Democracy in Montreal from 1830 to the present / ExhibitDemocracy in Montreal from 1830 to the present / Exhibit

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Advent of women on the local political scene

The 1940s marked the advent of women on the political scene.  Since the end of the nineteenth century, only women of age and taxpaying widows had the right to vote.  In 1902, city council even tried to deny that right to 4804 women tenants.  As a result of a petition filed by Marie Lacoste Gérin-Lajoie on behalf of the Montreal Council of Women, the aldermen had to reconsider.

In 1926, a delegation organized by the Montreal Women’s Club vainly attempted to secure the right to vote for married women.  The following year, the Ligue des femmes propriétaires de Montréal and the Comité du suffrage provincial in turn requested that the city charter be amended in order to allow married women owners the right to vote.  Idola Saint-Jean, president of the Alliance canadienne pour le vote des femmes du Québec (Canadian Alliance for Women’s Vote in Quebec), also supported that petition and later demanded the right to vote for all women.  At the 1934 election, the right to vote was finally extended to married women owners and married women under the regime of separation as to property.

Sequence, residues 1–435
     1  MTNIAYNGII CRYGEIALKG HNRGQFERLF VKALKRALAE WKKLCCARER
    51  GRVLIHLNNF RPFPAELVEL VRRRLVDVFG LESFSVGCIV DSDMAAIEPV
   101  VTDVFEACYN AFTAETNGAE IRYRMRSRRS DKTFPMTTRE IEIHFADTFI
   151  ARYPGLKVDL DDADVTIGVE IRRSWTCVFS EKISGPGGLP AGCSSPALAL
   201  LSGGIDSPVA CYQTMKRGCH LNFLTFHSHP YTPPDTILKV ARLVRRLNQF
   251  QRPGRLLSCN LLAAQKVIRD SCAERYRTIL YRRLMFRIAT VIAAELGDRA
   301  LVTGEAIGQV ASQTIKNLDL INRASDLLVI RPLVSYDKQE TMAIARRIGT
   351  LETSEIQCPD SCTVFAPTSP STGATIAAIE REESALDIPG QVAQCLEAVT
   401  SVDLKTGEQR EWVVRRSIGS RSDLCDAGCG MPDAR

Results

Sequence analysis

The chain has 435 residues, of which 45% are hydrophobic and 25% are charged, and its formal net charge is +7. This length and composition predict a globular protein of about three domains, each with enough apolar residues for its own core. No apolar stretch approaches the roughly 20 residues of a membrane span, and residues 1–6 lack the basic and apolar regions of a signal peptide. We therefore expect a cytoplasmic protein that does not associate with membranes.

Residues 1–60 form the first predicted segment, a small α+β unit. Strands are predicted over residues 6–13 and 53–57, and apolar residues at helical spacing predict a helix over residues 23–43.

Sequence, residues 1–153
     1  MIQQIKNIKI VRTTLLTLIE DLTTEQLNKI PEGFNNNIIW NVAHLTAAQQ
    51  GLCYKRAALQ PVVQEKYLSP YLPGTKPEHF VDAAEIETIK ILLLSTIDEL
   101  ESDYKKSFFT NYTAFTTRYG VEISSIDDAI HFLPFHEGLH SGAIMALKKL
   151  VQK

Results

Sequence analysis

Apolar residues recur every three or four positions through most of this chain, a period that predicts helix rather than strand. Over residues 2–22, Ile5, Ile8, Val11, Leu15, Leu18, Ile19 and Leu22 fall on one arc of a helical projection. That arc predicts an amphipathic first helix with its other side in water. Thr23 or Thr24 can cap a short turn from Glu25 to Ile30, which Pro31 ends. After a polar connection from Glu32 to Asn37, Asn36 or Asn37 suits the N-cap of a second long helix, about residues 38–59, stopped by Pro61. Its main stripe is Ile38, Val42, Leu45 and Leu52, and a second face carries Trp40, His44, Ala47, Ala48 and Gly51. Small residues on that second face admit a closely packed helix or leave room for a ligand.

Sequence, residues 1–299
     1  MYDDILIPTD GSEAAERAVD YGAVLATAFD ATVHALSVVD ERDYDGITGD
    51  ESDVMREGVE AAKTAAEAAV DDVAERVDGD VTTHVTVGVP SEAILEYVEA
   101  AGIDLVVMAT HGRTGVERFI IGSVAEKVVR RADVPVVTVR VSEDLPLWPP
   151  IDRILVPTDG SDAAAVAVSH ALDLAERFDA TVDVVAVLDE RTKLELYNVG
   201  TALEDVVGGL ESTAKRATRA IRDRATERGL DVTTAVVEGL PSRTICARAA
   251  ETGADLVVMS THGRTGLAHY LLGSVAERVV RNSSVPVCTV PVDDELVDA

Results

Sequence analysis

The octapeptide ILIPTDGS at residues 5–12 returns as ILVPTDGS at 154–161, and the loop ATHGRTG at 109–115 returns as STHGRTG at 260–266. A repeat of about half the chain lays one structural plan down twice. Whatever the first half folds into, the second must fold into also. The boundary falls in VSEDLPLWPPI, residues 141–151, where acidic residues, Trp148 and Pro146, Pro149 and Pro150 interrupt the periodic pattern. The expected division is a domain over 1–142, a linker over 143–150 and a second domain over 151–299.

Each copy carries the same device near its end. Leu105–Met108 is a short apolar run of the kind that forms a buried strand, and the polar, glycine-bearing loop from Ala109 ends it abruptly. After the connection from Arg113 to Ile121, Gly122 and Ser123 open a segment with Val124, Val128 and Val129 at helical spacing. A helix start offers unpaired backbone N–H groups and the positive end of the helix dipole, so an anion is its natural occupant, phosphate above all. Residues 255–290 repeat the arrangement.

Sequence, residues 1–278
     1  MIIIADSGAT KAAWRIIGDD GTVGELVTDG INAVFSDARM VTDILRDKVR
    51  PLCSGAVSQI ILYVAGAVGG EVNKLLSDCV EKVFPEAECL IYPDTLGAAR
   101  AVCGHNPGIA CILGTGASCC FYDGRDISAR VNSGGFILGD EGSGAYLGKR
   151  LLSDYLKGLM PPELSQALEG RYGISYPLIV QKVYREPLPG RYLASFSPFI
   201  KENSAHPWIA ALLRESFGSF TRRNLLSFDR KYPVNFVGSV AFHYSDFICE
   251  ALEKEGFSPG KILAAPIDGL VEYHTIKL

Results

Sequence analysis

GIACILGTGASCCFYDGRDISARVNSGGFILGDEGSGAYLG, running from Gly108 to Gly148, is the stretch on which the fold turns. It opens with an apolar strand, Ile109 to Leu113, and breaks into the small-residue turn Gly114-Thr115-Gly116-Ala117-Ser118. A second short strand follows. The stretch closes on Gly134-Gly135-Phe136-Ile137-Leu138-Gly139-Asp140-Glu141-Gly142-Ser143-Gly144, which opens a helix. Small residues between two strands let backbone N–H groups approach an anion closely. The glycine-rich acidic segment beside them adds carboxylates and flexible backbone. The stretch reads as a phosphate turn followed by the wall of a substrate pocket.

In 1940, Québec women who had voted in federal elections since 1919 were also entitled to vote at the provincial level.  That same year, three women entered the political arena.  Katleen Fisher, active in several associations, became the first woman to sit in city council.  She was re-elected on several occasions, always in Class A.  Between 1940 and 1942, Elizabeth Monk also sat in council as the Citizens Committee delegate.  Well known in the city’s philanthropic circles, Mrs. Lucie Bruneau was called upon to replace a councillor in Class A on December 27, 1940. 

In 1957, Mrs Eustache Letellier de Saint-Just, the only female council member that year, was elected deputy mayor.  As a delegate to the Civic improvement League, she had been a councillor since 1954 and remained in office until 1960, when Class C was abolished.

Between 1940 and 1960, six women were elected councillors.  However, it took fifteen years, namely in 1974, before other women entered the local scene.

 


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